Results Have Improved

0
23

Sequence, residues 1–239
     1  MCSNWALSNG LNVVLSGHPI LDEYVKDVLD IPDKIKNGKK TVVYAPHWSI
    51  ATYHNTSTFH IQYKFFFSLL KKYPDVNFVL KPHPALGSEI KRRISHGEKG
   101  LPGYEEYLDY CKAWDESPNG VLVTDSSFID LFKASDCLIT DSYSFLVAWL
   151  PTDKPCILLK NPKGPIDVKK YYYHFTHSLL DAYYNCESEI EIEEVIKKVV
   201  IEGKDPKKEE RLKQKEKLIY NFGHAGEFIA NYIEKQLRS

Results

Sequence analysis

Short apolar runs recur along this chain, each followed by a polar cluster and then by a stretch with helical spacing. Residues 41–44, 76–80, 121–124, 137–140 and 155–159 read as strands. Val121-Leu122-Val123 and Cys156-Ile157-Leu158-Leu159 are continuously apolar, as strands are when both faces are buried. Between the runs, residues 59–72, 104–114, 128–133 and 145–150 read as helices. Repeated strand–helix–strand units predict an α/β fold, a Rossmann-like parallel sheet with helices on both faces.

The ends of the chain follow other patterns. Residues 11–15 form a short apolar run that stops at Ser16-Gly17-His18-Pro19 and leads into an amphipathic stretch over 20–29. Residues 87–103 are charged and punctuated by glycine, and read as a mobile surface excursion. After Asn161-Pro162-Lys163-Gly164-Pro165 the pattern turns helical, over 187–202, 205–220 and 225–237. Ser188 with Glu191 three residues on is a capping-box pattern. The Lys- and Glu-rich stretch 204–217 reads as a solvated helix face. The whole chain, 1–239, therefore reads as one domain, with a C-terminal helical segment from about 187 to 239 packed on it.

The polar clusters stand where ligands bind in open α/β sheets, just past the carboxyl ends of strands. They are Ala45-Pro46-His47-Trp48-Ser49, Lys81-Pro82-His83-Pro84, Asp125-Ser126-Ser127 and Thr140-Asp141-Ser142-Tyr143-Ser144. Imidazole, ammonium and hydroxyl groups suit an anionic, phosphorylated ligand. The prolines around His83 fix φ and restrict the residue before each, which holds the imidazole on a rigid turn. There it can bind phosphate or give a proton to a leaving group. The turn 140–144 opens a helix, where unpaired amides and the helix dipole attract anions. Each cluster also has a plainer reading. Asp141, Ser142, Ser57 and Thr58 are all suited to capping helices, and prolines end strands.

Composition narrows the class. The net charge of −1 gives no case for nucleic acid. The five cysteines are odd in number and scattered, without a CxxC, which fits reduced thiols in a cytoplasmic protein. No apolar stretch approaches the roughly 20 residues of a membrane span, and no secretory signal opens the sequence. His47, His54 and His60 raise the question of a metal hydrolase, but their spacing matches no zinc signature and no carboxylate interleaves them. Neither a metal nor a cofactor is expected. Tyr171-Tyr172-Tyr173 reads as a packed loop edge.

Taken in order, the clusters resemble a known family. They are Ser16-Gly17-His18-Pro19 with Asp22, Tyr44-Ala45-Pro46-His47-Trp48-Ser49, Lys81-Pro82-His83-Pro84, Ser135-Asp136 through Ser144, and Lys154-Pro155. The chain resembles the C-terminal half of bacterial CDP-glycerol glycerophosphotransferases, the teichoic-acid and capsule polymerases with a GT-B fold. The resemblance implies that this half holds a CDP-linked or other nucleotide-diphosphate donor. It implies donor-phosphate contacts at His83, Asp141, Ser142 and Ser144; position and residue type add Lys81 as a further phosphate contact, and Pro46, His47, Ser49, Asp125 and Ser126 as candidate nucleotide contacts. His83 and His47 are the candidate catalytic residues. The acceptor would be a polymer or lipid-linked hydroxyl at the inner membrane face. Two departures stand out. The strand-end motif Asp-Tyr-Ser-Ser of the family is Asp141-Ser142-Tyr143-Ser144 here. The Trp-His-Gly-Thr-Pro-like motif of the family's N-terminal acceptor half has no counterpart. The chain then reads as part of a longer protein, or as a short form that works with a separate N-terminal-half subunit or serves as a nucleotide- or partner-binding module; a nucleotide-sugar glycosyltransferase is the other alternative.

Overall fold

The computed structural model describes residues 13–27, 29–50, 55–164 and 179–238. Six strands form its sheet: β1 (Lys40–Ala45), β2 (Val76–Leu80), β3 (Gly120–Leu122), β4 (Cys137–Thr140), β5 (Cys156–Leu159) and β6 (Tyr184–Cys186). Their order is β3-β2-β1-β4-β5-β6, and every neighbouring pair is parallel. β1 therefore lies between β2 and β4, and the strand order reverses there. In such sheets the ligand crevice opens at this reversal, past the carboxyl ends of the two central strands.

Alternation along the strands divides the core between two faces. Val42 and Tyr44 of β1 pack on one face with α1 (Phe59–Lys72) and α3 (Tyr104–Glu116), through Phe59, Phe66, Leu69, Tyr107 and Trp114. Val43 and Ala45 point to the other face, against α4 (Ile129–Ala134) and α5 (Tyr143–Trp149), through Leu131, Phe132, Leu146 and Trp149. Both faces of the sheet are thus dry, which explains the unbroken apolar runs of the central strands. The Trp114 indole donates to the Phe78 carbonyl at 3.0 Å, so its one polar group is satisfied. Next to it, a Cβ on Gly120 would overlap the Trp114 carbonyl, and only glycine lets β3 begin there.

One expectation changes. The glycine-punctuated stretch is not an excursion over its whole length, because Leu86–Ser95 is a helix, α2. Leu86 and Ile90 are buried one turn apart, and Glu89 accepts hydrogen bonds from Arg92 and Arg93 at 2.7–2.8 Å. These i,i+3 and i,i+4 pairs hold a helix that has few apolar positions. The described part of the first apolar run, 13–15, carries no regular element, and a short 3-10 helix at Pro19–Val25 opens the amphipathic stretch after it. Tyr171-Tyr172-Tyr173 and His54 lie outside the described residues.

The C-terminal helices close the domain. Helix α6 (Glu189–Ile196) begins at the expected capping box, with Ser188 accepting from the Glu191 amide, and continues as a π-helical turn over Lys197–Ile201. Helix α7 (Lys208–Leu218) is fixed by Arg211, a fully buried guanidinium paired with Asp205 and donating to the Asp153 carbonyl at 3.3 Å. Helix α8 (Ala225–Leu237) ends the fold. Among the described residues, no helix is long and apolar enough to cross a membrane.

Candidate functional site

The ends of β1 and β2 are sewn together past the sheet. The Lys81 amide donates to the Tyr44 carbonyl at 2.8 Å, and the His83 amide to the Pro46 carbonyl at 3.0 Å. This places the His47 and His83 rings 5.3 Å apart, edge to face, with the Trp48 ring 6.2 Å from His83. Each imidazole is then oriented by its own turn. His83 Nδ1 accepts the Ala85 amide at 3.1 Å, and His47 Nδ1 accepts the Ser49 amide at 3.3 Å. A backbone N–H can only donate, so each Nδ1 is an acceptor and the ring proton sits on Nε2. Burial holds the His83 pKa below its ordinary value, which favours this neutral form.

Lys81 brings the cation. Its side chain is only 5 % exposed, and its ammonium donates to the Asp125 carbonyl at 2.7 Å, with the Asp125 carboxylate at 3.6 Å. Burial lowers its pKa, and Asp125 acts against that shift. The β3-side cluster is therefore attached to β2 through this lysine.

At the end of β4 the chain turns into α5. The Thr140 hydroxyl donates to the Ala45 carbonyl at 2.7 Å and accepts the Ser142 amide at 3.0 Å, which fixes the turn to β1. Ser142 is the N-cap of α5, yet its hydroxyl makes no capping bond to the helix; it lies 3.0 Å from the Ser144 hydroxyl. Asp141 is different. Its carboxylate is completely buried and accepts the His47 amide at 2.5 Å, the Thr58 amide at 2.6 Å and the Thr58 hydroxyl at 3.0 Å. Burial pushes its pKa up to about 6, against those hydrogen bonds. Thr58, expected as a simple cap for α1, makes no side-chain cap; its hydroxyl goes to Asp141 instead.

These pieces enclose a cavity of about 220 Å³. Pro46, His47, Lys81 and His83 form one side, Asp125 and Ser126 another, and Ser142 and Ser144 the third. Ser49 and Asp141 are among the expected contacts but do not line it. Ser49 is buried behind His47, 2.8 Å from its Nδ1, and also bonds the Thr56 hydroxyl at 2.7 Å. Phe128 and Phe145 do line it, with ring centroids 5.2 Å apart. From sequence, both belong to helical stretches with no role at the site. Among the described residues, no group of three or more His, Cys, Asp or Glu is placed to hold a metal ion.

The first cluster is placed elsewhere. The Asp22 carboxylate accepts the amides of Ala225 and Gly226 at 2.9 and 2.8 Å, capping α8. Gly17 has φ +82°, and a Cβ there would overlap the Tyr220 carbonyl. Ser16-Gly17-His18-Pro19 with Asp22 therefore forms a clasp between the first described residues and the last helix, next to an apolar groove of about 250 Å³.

By Frederick Philander WINDHOEK From a total of more than 27 000 full-time and part-time candidates for the IGCSE examinations last year, 3 393 successful students will qualify for admission at tertiary institutions in Namibia and/or South Africa. This was on Friday announced by the Ministry of Education’s Directorate of National Examinations and Assessment. “Last year’s examination entry consisted of 14 319 full-time and 13 350 part-time candidates country wide, primarily registered with the Namibia College of Open Learning. Compared to the previous year’s results, the 2006 IGCSE results of both full and part-time candidates improved resulting in an improvement also in the results of the national entry,” a statement, signed by the acting Permanent Secretary in the ministry of Education, Alfred Ilukena, from the directorate on Friday read. According to the statement, a larger percentage of graded subject entries has increased resulting in a decrease in un-graded subjects, considered to be a milestone achievement. “The increase in the number of graded subject entries in the lower to average grades has been maintained for the fifth consecutive year. This gradual increase has in 2006 resulted in the best performance in the grade range B to G and is the highest percentage of grade entries obtained so far. If compared to the 2005 results, the performance in the higher grades A to A has also improved, the release said. The directorate further warned that IGCSE candidates are still under-performing at most grades. “This under-performance is caused by an under-performance by both full-time and part-time candidates. As for the overall results the trend of improvement of the full-time results were significant for the average to lower grades, but less so for the higher grades,” the directorate claims. The directorate also announced that the IGCSE and HIGCSE examinations that have been written in Namibia for the past 12 years will this year be replaced by the Namibia Senior Secondary Certificate (NSSC) in all government and private schools. “The new NSSC qualification will enjoy the same recognition and acceptance as was the case with the HIGCSE and IGCSE qualifications,” it said. Chemistry as a subject is still only being offered in Namibian private schools despite the national goal to produce more scientists. St Paul’s College once again walked away with the laurels in ranking order for the best IGCSE results in the country, followed by St Boniface College and Gobabis Gymnasium respectively in second and third place. The best male and female overall performers in the IGCSE examinations were Mekelaye Nelumbu and Kwesi Tembo of St Paul’s College. “The ministry of Education wants to congratulate the candidates, teachers and parents for the results of last year,” said Alfred Ilukena in conclusion.